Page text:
endodermal cells


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en·do·der·mal cells

(en'dō-dĕr'măl selz)
Embryonic cells forming the umbilical vesicle (yolk sac) and giving rise to the epithelium of the alimentary and respiratory tracts and to the parenchyma of associated glands.
Synonym(s): entodermal cell.
References in periodicals archive ?
Importantly, it has been reported that GSO1/SGN3 is expressed in root endodermal cells and its loss-of-function mutations result in the formation of a repeatedly interrupted, discontinuous Casparian strip.
The endodermal cells and mesodermal cells located in the vegetal half of embryos invaginate into the animal region to form the gut.
Whether water and mineral ions move apoplastically (between cells) or symplastically, everything entering the vascular tissue must pass through the cell membranes of the endodermal cells.
It is hoped they can be turned safely into liver and pancreas cells, known as endodermal cells, which can help the body produce the insulin many diabetics lack.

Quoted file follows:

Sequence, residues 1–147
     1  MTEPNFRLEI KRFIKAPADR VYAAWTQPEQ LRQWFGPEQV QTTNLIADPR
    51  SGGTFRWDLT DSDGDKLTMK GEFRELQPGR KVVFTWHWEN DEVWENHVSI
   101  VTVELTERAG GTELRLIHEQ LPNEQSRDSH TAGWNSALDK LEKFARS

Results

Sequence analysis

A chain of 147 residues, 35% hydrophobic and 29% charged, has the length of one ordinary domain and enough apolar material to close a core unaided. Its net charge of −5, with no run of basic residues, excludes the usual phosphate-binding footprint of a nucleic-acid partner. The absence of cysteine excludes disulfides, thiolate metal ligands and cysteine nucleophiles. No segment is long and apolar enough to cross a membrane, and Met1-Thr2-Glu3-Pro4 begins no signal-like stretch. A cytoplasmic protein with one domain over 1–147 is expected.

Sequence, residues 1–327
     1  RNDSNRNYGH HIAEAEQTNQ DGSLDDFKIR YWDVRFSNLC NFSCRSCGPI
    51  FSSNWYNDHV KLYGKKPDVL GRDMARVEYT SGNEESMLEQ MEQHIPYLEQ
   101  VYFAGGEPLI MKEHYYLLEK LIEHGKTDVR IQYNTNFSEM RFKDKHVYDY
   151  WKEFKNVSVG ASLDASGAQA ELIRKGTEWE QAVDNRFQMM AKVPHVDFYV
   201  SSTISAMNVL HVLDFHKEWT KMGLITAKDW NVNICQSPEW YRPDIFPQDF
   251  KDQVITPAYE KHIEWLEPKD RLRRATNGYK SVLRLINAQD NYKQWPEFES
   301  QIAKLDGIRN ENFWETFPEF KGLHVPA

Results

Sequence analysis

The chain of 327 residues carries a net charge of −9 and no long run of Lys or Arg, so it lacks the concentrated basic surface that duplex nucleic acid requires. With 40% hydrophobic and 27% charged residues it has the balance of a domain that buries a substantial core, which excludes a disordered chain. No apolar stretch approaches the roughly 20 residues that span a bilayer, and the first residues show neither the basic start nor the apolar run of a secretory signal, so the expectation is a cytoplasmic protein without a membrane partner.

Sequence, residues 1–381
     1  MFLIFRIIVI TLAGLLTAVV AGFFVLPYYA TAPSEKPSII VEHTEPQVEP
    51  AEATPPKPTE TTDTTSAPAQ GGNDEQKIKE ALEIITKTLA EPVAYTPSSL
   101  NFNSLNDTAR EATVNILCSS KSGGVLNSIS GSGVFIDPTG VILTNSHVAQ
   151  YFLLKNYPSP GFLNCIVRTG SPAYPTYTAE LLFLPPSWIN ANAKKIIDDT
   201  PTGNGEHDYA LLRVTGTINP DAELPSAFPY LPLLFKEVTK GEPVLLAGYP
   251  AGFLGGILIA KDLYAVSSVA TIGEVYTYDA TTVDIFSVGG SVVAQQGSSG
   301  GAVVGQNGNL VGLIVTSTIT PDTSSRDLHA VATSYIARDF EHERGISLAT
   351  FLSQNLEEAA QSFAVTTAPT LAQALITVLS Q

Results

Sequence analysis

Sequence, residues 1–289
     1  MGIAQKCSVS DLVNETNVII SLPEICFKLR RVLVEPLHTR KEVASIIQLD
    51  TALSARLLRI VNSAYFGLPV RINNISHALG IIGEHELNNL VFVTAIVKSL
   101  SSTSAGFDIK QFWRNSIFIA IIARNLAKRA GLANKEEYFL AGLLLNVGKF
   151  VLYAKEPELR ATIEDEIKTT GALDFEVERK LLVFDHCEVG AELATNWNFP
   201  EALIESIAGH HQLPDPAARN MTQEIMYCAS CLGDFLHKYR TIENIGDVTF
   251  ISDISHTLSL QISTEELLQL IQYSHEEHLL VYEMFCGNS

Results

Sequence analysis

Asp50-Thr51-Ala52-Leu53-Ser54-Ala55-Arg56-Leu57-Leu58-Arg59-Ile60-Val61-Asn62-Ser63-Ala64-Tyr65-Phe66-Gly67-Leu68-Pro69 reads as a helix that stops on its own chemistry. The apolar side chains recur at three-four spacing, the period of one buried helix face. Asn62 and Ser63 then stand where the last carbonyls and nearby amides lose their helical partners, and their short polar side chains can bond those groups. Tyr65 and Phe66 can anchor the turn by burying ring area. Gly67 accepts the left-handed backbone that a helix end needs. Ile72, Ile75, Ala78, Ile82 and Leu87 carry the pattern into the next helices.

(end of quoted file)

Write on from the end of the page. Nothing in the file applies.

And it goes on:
It turns out that the gene regulates the formation of a certain type of embryonic cell, called endodermal cells, which in turn help direct the development of other tissue involved in facial development.
Lingual foregut duplication cysts are believed to arise from endodermal cells that become trapped during the fusion of the lateral lingual swelling (distal tongue bud) and the tuberculum impar (median tongue bud) in the 3- to 4-mm embryo.
The main difference between aluminum includers and excluders is suggested to be the permeability of the endodermal cells to [Al.
12) Either developmental rests or differentiation of multipotent endodermal cells can lead to the development of ciliated cysts.
Each can induce endodermal cells to become pancreatic, says Melton.
1985; Boring 1989), ectodermal cells induce one of four equivalent presumptive endodermal cells to deviate from the original endodermal fate and to produce the mesodermal stem cell from which the two mesodermal bands arise.